Desk featuring ripped up schedule, rose-tinted glasses, laptop with hearts, pill bottle

Preparing for the Next Attack

Ever have a plan? Ever have that plan get ripped to shreds? I know you do because if you are reading this, you probably have a devastating disease as well or know someone who does. One that refuses to schedule on your calendar. One that refuses to allow you to finish your emergency to-do list. I’m not even going to mention the wish list or a basic to-do list.

An invisible disease to everyone but us

There are times I just have to acknowledge how overwhelming this all feels. Whether you have cluster attacks, migraine attacks, trigeminal neuralgia, or another insidious complex neurological disease that makes you wonder why head transplants aren’t a “thing yet,” this article is for you. You are the ones that can see how my left eye looks significantly different from my right eye before and after an attack. I see the look in your eye that acknowledges this invisible disease which is not invisible to anyone who has it. It is only invisible to the oblivious.

Locked into an attack

No matter how much I connect with others, I am alone inside my head when I am in an attack. This past week was brutal. New symptoms have been thrashing, and I just had an episode of them.  Not only was the pain unbearable, but I was unable to open my eyes due to the pain, so not only did I feel shut out from the world, I felt trapped deep inside my mind. Cue the haunted house music. As the terrifying ride began, I tried to keep seeing the daylight, knowing the ride must come to an end.

Tip 1 - Be prepared mentally

Somewhere in the distance, my phone dings. Thanks to technology, Siri read me the message. An understanding friend was checking up on me. The pain was settling in. While there was little this friend could do, I knew she understood.  Over the coming days, I had more dings. Each ding was a thread of hope. When I finally came through the other side and logged on, I found several messages. This is community. If you experience these insidious diseases, join a community. Be supportive and allow others to support you. When you are thrown into the fiery pit, you may not be able to communicate, but deep inside, you know they are there - praying, rallying, and sending hugs from afar.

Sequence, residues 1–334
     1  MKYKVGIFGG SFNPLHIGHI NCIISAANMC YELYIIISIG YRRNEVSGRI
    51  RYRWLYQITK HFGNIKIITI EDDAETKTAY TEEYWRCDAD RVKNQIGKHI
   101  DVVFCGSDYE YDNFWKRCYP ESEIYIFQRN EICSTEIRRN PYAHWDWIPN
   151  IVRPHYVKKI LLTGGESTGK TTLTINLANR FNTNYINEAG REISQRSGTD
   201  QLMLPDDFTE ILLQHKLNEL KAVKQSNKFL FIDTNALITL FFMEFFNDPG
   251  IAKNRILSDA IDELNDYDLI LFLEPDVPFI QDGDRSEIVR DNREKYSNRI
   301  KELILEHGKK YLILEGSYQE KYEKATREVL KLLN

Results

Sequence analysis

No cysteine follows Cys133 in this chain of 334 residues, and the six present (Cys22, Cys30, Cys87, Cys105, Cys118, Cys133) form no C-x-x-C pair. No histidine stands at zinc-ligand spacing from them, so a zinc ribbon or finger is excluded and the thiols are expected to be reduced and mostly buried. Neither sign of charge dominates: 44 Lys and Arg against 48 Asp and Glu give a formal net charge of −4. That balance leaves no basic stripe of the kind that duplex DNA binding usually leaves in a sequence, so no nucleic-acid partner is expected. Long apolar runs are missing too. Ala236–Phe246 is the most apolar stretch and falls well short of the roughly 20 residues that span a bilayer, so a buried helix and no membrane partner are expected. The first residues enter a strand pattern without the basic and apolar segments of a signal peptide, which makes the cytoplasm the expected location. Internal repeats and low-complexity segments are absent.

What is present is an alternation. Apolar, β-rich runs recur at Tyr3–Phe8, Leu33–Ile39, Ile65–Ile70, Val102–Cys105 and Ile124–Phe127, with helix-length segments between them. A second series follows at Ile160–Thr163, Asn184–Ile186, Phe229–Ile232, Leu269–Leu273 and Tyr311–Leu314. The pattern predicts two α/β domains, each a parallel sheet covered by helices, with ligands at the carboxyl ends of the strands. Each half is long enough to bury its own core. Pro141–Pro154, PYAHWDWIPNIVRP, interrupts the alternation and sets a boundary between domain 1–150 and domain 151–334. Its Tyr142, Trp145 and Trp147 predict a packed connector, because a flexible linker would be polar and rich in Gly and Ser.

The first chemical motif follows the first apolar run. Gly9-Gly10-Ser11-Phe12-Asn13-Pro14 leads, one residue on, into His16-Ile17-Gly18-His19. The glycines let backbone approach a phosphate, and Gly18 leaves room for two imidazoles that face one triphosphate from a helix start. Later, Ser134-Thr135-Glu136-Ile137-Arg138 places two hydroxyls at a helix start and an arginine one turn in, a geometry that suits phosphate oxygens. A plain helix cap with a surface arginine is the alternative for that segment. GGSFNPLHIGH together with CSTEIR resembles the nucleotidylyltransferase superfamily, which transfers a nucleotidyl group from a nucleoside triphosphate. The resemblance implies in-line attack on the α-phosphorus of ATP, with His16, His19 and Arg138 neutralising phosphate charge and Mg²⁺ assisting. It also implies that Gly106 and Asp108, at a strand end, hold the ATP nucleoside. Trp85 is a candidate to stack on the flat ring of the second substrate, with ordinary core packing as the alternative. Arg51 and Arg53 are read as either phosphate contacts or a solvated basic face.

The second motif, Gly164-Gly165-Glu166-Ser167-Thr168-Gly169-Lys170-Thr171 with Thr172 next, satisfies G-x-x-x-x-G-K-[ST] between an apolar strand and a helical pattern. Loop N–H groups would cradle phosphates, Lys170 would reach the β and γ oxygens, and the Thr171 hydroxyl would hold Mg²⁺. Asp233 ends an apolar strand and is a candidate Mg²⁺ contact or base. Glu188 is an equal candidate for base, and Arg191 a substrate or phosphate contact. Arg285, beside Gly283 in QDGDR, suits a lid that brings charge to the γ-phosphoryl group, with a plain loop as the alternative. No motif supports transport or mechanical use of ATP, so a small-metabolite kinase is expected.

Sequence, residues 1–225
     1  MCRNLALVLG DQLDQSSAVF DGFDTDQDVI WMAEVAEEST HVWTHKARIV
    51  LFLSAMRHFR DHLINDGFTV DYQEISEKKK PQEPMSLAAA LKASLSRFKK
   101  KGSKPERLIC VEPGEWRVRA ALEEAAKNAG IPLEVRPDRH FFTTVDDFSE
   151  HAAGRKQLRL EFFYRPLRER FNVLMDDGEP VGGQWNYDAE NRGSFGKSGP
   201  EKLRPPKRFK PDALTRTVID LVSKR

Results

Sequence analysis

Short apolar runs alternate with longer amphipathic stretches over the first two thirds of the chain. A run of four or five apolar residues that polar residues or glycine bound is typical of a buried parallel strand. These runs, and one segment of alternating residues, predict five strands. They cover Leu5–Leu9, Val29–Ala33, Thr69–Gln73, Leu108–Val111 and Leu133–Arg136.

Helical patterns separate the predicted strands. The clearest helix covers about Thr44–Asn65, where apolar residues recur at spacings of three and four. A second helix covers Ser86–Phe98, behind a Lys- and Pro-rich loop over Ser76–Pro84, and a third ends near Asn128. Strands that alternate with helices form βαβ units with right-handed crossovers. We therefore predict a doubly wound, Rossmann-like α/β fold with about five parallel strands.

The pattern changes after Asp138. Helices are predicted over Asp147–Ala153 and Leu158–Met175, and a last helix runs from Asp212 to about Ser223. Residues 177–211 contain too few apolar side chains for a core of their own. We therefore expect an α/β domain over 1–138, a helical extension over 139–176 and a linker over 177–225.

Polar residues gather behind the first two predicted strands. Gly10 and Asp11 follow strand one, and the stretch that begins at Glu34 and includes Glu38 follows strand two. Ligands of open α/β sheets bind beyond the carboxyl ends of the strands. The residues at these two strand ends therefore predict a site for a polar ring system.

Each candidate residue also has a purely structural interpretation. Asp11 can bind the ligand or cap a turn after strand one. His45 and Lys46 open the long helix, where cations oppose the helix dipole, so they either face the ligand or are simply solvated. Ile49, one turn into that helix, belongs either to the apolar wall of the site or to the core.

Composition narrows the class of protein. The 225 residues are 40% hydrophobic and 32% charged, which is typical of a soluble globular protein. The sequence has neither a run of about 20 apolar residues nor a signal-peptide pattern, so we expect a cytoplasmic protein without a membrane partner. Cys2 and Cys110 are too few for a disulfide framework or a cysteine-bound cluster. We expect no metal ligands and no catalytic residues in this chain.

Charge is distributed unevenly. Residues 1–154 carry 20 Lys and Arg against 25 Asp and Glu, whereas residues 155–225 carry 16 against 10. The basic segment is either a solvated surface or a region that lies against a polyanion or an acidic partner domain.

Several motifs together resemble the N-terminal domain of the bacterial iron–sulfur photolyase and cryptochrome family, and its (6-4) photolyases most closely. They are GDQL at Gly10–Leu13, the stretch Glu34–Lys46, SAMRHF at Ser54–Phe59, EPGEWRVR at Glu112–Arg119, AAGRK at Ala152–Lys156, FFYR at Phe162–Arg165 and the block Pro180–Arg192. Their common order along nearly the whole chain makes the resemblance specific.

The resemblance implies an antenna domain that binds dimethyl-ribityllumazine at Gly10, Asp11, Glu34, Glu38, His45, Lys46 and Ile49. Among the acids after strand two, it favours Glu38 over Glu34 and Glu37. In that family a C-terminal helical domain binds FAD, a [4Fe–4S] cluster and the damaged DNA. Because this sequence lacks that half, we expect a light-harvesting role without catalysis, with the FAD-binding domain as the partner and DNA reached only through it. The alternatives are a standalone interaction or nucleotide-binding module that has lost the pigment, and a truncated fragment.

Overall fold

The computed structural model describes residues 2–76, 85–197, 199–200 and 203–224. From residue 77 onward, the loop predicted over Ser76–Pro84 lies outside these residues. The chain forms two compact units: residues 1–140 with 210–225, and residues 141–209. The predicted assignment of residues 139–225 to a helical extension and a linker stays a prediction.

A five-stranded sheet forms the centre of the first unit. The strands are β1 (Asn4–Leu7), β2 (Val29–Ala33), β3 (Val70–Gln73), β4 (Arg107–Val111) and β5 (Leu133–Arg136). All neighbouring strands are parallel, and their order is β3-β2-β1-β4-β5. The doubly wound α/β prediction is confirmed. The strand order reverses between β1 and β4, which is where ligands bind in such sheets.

Poll

Do you experience migraine attacks that come on quickly without warning?

Tip 2 - Be prepared physically

Keep prescriptions filled, check your equipment. On the final day of my episode, a cluster attack was triggered, and I emptied my tank. I switched to a new tank, and something wasn’t right. Because I couldn’t see, I had my daughter come do it, and the same thing happened. Thankfully I already had a 2nd regulator and put that tank on standby. Once I was able to inspect the regulator with my eyes, I found the ring was crumbling. So I am working with the company on that.

Know where everything is. With these new episodes, I literally could not open my eyes for days, so I have to keep things where I can find them blind. I already did this pretty well since when a cluster attack hits, I need things fast, and it’s often in the middle of the night, so I’m flying blind. Have food and drink that is “grab and go.”  Medications and treatments that you might need during an attack should be close.

Tip  3 - Live now

Both physically and emotionally, this is necessary for me. I am restocking my pantry with quick-grab items as well as things my kids can fix easily. It is also why I hug, kiss, and tell my kids “I love you” every night and any time I leave the house. I want to live my life with no regrets. I never know what kind of pain day I will have tomorrow. Yesterday I bought five boxes of Velveeta Shells and Cheese! I also have lots of tortilla shells and shredded cheese for quesadillas. My kids found these simple to make.  Also, today we will do a micro-adventure because, again, I don’t know what tomorrow will bring. So while I am doing okay today, we will live today!

How do you prepare for your next attack mentally?  Physically?

This article represents the opinions, thoughts, and experiences of the author; none of this content has been paid for by any advertiser. The Migraine.com team does not recommend or endorse any products or treatments discussed herein. Learn more about how we maintain editorial integrity here.

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